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Multi-Way Conventional loudspeakers with crossovers

SBA 741 vs. SBA 761 for Classical Music
SBA 741 vs. SBA 761 for Classical Music
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Old 8th September 2019, 09:32 PM   #11
Dave Bullet is offline Dave Bullet  New Zealand
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I have 10" sealed bass drivers and they need assistance in my room from a subwoofer - especially on some full orchestra pieces.

Take a look at:
Tech Stuff - Frequency Ranges

There are quite a few instruments below 50Hz as their lowest fundamental.

I've never been happy relying on room gain to make up the bottom end of a speaker. I'm a believer you need a large cone area (>= 12") for modest listening rooms (mine being 7m * 5.5m * pitched 4m ceiling) to get adequate non-stressed bass.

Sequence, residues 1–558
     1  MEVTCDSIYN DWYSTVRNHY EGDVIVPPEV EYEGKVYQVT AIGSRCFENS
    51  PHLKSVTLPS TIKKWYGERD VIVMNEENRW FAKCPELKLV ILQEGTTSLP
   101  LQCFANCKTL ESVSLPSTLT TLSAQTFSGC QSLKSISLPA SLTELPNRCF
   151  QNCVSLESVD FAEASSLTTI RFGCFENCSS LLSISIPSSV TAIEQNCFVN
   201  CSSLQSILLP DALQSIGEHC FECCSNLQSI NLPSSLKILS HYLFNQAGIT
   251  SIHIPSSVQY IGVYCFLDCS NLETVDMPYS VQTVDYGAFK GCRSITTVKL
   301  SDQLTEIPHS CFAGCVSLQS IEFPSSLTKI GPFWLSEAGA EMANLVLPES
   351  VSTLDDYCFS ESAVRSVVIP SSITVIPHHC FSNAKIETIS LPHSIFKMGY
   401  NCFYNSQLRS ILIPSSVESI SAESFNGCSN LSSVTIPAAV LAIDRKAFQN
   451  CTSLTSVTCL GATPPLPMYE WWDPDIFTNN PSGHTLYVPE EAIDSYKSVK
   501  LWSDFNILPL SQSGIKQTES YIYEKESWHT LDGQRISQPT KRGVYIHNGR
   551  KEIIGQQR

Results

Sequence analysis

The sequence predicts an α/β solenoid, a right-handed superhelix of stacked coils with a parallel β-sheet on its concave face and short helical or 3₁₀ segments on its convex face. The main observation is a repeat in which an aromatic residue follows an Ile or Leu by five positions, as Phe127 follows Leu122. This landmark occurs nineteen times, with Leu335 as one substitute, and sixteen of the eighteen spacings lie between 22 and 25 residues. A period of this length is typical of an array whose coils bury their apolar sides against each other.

Hence my desire for a 12" 3 way TMW speaker.
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Old 8th September 2019, 11:14 PM   #12
LineSource is offline LineSource  United States
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Quote:
Originally Posted by classicalfan View Post
One of my primarily objectives is to hear a very sharp “kzing” and not a dull mushy “zuhm” sound from a strong sudden attack by 30 violins.

“kzing” rather than “zuhm” and tears from Brahms Violin Concerto.
CONTROLLED DIRECTIVITY
The controlled directivity from a horn loaded tweeter will provide both the dynamics and the "crisp direct sound" you seek. A standard dome tweeter spreads the high frequencies around the room, generating reflections which smear the sound as they bounce off the walls and ceiling/floor. "zzzzuhm" instead of "Kzing"
=======